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This week in W.Va. history

Jul. 01, 2013 @ 12:15 AM

The following events happened on these dates in West Virginia history. To read more, go to e-WV: The West Virginia Encyclopedia, a project of the West Virginia Humanities Council, at www.wvencyclopedia.org.

June 30, 1914: Prohibition became the law in West Virginia.

June 30, 1929: The Wheeling Symphony Orchestra gave its first concert at Oglebay Park.

July 1, 1861: Francis Pierpont, governor of the Reorganized Government of Virginia, called the legislature into session. The general assembly re-established governmental functions, provided for the raising of military units, and elected new U.S. senators and representatives.

July 1, 1937: Watoga State Park was opened to the public on July 1, 1937. The park in Pocahontas County is the largest of the state parks.

July 1, 1971: Southern West Virginia Community College was formed by joining the Marshall University branch campuses at Logan and Williamson. In 1995, the name changed to Southern West Virginia Community and Technical College.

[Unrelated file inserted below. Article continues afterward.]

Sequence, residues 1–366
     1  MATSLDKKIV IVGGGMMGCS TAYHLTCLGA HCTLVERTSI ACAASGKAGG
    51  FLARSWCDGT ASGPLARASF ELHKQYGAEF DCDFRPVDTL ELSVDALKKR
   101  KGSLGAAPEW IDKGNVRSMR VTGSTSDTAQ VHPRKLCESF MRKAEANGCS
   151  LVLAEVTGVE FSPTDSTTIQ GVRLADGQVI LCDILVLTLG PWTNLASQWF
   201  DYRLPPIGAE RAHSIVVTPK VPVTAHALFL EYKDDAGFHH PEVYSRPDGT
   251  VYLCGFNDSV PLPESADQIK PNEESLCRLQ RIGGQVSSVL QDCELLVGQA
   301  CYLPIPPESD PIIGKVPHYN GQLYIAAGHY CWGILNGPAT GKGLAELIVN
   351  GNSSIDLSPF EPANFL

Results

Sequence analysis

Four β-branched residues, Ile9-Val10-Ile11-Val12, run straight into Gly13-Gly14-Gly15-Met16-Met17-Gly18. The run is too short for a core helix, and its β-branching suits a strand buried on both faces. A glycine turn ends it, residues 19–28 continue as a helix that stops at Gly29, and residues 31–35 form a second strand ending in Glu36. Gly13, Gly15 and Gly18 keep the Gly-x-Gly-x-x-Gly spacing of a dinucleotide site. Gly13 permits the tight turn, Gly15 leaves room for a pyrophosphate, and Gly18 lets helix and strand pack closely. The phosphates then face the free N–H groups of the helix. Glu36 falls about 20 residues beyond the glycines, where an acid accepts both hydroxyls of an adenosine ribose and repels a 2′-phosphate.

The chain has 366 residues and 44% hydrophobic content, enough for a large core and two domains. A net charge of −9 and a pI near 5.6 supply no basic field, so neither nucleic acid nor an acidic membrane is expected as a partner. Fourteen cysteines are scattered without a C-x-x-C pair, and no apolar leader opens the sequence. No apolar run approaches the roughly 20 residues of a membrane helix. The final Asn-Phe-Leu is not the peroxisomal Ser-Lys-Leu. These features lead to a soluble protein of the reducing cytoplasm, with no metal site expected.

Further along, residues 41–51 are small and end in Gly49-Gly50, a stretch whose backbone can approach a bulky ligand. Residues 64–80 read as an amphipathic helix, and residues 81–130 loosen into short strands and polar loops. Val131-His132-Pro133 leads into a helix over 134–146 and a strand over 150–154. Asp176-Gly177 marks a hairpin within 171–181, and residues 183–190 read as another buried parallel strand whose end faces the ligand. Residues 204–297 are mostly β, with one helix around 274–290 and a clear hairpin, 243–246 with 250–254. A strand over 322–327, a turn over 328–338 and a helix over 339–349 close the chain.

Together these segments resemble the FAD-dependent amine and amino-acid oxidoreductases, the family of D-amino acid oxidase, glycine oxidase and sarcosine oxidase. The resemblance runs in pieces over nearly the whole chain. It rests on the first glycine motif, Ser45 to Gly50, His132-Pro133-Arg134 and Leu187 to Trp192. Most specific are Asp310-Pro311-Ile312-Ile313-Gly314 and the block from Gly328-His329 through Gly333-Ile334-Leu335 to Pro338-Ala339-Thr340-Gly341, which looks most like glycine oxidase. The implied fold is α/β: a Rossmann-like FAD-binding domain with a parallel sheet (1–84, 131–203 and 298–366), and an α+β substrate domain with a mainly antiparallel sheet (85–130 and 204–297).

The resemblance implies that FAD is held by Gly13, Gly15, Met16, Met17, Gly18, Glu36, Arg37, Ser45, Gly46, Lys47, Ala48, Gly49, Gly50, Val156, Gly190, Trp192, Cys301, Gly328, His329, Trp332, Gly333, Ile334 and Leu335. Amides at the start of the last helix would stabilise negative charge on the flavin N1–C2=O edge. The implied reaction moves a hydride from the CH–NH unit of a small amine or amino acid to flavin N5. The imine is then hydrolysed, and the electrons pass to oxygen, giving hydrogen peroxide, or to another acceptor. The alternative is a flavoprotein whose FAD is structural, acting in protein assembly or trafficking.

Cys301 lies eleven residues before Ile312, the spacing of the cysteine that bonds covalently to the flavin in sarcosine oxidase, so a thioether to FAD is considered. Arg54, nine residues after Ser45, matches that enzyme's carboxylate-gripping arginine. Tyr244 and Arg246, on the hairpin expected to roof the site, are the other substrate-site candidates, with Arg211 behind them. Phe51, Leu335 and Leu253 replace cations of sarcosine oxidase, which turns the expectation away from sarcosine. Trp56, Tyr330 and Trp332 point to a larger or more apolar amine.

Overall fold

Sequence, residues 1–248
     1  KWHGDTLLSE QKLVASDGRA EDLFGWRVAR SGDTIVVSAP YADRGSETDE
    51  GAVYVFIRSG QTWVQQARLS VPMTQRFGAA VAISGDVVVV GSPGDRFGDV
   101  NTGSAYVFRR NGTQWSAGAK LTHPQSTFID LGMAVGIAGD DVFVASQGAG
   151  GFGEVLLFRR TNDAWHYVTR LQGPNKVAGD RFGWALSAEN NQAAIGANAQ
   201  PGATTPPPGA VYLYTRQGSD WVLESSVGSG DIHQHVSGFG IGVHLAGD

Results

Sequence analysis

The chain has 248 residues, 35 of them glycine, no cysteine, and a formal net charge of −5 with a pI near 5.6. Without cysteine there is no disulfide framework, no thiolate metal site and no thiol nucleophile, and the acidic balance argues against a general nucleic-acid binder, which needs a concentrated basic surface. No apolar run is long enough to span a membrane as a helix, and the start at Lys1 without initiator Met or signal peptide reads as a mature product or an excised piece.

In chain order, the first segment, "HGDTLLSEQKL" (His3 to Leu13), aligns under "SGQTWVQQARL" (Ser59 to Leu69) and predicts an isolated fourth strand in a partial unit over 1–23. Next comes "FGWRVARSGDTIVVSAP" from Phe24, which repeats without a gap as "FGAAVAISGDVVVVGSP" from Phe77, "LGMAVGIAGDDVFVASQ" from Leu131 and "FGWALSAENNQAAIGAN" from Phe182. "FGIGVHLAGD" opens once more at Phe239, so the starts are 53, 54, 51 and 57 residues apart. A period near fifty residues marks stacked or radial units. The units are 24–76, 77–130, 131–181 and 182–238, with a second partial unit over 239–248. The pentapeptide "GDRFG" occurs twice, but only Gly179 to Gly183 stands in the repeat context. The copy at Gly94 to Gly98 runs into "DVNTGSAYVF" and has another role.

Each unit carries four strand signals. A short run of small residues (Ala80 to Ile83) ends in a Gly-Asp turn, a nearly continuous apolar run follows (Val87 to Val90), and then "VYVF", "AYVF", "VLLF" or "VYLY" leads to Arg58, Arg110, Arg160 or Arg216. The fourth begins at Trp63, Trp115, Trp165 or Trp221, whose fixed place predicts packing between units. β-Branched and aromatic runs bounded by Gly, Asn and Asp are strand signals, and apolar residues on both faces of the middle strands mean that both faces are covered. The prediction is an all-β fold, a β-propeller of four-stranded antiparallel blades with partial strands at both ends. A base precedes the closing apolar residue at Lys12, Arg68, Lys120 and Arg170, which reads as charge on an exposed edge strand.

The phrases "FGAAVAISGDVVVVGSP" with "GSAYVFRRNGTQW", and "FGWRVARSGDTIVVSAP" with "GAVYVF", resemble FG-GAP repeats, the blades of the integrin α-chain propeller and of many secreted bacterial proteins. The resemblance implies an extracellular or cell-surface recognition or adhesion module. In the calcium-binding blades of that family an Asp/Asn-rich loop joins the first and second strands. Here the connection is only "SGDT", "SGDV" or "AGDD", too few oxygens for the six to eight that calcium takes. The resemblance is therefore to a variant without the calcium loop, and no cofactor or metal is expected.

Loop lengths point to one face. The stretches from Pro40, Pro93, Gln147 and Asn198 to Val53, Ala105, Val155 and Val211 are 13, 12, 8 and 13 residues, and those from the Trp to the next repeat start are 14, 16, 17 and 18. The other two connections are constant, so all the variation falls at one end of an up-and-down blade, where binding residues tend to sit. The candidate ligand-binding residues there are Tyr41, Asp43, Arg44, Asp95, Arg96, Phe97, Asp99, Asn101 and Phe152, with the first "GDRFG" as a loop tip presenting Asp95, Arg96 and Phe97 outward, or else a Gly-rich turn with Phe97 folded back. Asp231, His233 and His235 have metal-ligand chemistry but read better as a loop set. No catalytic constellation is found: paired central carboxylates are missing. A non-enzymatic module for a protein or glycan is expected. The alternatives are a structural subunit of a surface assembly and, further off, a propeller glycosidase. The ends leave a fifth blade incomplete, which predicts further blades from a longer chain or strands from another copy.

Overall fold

July 3, 1863: At Gettysburg, Union troopers in the 1st West Virginia Cavalry took part in a fruitless cavalry charge against Confederate infantrymen during the waning moments of that great battle.

July 4, 1882: The steamboats Scioto and John Lomas collided on the Ohio River as they were returning from holiday excursions. The Scioto sank almost instantly, and 70 people drowned.

July 4, 1918: Poet Muriel Miller Dressler was born in Kanawha County. Her poem ''Appalachia,'' published in 1970, was her signature piece.

July 4, 1928: West Virginia dedicated Droop Mountain Battlefield State Park. Droop Mountain was the site of one of the most important Civil War battles fought on West Virginia soil.

July 4, 1938: Musician Bill Withers Jr., was born into a miner's family of 13 children in Slab Fork, Raleigh County. In 1971, Withers released his first album, "Just As I Am," including his first Grammy-winning song, ''Ain't No Sunshine.''

July 5, 1950: Army Private Kenneth Shadrick of Wyoming County was the first U.S. serviceman killed in action in the Korean War.

July 6, 1806: Statesman Charles James Faulkner was born in Martinsburg. Faulkner served in the West Virginia legislature, U.S. Congress (1851-59), and as U.S. minister to France.

July 6, 1883: Judge ''R. D.'' Bailey was born at Baileysville, Wyoming County. Bailey came into wide prominence as the judge of the Matewan Massacre trial in 1921.

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